A cheer rang up from traders on the floor of the New York Stock Exchange Tuesday morning as the Dow Jones Industrial Average hit 18,000 points for the first time ever. The index, which stood at 16,264 a year ago, closed at 18,024 Tuesday afternoon, having risen 1,000 points in the last week alone.
The media referred to the last several days of trading—which also saw the S&P 500 index reach record high—as a “Santa Claus rally.” This spike in share values was attributed to rising consumer spending, falling gas prices and a supposedly “roaring” US economy.
In reality, Wall Street is celebrating the sharp reduction of workers’ wages and living standards that have sparked record corporate profits and the Fed’s policy of unlimited free money, which has fueled a new speculative bubble. Behind this, however, are intractable contradictions in the US and world economy, which will inevitably lead to a new market “correction.”
The US Commerce Department’s Bureau of Economic Analysis released a revised GDP estimate Tuesday saying the US economy grew by five percent in three months that ended September 30, up from 3.2 percent in the second quarter and the biggest gain in 11 years. The report pointed to a rise in consumer spending of 3.2 percent, higher business investment, particularly in transportation and industrial equipment, an increase in US exports and more federal government spending, especially for defense, which shot up 16 percent, compared to 0.9 percent in the second quarter.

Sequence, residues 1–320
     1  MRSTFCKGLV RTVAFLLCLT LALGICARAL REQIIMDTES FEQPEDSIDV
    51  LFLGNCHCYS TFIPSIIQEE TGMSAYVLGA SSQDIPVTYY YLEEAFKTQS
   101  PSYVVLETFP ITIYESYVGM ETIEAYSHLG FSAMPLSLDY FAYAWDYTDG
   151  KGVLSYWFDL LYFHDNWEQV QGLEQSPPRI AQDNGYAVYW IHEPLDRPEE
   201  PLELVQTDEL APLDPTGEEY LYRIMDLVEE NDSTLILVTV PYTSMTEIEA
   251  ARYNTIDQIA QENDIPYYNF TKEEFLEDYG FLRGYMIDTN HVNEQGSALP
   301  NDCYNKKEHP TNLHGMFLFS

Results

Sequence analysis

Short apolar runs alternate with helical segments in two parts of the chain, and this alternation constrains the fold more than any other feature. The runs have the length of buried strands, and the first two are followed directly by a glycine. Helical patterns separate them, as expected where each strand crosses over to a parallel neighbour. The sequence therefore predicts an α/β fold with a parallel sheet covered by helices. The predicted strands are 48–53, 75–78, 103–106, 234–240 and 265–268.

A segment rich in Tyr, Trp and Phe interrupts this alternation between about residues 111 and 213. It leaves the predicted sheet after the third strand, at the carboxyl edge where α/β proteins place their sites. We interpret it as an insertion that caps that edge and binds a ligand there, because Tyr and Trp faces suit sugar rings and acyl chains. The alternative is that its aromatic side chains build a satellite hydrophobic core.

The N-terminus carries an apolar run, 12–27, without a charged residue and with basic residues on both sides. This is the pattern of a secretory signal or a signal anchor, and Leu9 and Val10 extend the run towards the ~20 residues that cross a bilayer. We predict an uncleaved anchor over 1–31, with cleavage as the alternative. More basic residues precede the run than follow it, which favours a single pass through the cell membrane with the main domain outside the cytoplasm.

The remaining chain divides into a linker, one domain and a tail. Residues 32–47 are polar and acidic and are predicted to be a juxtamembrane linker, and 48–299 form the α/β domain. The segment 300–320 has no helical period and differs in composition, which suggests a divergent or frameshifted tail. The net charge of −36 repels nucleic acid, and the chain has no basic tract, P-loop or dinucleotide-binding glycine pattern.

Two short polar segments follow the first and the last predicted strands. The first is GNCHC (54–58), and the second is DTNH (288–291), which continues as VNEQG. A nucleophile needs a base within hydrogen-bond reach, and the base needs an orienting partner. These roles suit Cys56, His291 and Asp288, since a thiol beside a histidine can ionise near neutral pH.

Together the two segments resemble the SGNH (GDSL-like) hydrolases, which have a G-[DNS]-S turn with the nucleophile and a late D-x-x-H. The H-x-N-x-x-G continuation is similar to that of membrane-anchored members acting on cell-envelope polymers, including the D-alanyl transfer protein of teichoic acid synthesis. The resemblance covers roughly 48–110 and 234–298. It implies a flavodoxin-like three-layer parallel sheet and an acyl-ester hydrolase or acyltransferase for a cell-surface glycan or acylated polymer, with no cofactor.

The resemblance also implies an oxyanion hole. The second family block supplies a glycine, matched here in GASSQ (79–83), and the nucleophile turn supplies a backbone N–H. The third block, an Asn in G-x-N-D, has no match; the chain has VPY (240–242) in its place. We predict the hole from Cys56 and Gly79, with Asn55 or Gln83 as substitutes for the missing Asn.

Corporate profits rose 3.1 percent in the third quarter of this year, following a rise of 8.4 percent in the second quarter. Profits reached a record high of nearly $1.9 trillion in the third quarter, according to the latest data from the Bureau of Economic Analysis.
While there has been an uptick in car buying, largely due to falling gas prices and pent-up demand following the 2008 financial crash, the rise in corporate profits is primarily due to a savage campaign to cut labor costs and increase the exploitation of the working class. Productivity continued to rise (2.3 percent) in the third quarter, outpacing a meager increase in hourly compensation (1.3 percent). This led unit labor costs to fall by another one percent.
Major corporations like Boeing, Caterpillar and the Detroit automakers, with the assistance of the unions, have sharply lowered wages for new workers while reducing pension and health care outlays for so-called ‘legacy’ workers and retirees. In 2013, corporate profits reached their highest percentage of GDP since 1929. Meanwhile wages and other benefits employers contribute to, including Social Security and Medicare, fell to their lowest share of GDP since 1948.
Despite lower gas prices, more than 80 percent of consumers polled said they were holding back on holiday spending this year, according to a survey conducted by consumer financial services company Bankrate. “Consumers are still uneasy,” the company’s Chief Financial Officer Greg McBride said. “Many haven’t had a raise in quite some time. Their savings cushions are insufficient, and any breathing room from the drop in gasoline prices could prove temporary should those prices rebound.”
Orders for durable goods—computers, metals and other commodities expected to last longer than three years—declined by 0.7 percent in November, the Commerce Department reported Tuesday. Economists had predicted a rise of three percent. Instead orders fell for the third month in a row. Sales of new single-family homes also declined 1.6 percent in November, with drops in three of four US regions.